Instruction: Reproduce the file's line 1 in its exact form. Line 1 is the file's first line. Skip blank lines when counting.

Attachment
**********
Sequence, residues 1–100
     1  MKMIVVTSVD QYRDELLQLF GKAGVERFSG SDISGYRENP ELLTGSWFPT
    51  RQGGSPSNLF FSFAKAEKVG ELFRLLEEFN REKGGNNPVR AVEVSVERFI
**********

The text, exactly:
Sequence, residues 1–100